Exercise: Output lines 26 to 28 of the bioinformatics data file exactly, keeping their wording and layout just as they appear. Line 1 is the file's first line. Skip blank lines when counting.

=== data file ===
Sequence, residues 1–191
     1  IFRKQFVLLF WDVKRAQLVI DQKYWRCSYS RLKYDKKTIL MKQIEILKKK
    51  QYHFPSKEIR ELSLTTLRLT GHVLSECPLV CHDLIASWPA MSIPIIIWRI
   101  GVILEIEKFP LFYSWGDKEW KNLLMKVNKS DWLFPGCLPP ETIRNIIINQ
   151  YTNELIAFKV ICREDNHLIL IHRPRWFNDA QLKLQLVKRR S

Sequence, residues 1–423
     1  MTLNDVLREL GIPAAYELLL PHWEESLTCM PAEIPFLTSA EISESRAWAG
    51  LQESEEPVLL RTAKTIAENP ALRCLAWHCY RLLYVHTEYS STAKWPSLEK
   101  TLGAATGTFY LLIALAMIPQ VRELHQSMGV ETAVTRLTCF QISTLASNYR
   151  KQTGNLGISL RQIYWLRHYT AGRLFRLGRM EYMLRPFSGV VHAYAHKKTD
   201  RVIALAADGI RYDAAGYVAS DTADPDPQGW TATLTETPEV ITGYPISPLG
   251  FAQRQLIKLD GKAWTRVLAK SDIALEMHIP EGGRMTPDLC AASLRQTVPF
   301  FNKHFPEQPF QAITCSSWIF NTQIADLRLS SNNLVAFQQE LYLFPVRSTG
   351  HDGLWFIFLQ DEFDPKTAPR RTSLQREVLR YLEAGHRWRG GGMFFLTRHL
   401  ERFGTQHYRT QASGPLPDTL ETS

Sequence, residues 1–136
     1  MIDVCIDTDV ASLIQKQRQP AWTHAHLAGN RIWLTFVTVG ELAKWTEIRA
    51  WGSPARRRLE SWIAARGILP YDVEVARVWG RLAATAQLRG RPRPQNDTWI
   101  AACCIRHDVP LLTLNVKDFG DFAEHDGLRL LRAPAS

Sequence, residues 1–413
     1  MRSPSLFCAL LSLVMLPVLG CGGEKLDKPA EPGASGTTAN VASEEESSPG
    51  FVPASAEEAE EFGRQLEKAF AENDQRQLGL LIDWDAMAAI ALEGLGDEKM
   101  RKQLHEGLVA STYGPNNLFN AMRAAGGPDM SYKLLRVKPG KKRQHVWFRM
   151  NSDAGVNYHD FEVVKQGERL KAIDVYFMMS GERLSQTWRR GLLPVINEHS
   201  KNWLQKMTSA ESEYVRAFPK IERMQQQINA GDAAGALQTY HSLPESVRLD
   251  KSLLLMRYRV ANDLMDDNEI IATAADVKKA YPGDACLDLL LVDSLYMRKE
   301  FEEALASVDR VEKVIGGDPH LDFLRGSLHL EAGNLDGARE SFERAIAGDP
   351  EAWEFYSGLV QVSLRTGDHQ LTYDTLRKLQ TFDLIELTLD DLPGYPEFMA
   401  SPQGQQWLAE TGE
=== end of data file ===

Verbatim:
   251  KSLLLMRYRV ANDLMDDNEI IATAADVKKA YPGDACLDLL LVDSLYMRKE
   301  FEEALASVDR VEKVIGGDPH LDFLRGSLHL EAGNLDGARE SFERAIAGDP
   351  EAWEFYSGLV QVSLRTGDHQ LTYDTLRKLQ TFDLIELTLD DLPGYPEFMA